What is depression? By The NHS

Everyone has spells of feeling down, but depression is more than just spending a few days feeling sad or unhappy. Depression can make you feel persistently sad and down for weeks or months at a time.

While some people believe that depression is trivial or not a genuine health problem, it’s actually a real condition that affects around one in 10 people over the course of their lives. It impacts people of all genders and ages – including children. Studies show that around 4% of children in the UK between the ages of five and 16 are depressed or anxious.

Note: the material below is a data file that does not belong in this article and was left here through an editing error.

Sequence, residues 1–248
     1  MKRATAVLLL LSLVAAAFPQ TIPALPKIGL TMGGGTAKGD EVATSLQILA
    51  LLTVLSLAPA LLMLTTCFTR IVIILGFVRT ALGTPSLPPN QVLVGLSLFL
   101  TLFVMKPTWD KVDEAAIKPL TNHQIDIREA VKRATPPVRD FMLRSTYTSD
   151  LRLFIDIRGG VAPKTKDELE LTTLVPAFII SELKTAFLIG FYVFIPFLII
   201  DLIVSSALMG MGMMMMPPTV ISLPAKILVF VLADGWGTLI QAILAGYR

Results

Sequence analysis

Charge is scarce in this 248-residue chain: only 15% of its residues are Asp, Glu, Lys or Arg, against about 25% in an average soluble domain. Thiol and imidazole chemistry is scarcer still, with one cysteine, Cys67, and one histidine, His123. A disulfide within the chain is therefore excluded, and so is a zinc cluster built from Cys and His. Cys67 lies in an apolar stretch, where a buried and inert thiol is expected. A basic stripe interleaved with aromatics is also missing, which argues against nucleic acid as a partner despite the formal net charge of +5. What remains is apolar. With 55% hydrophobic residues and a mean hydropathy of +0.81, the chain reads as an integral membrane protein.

With the right support and treatment, most people recover fully from depression.

Do I have depression?

Depression has a range of different symptoms, and it can affect everybody differently. The symptoms include feeling very tearful, feeling hopelessness and sadness, and losing interest in things you enjoyed before. It’s also common for people with depression to have symptoms of anxiety.

Physical symptoms happen with depression too – these can include feeling tired all the time, getting poor sleep, losing your sex drive, losing your appetite, and feeling aches and pains.

If the symptoms are mild, you might simply experience a persistent low mood. It’s common to feel stressed, sad or anxious during difficult times in your life, and a low mood can get better after a short time, rather than being a symptom of depression.

Learn more about low mood and depression here.

Severe symptoms of depression can make people feel suicidal

READ MORE HERE: https://www.nhsinform.scot/illnesses-and-conditions/mental-health/depression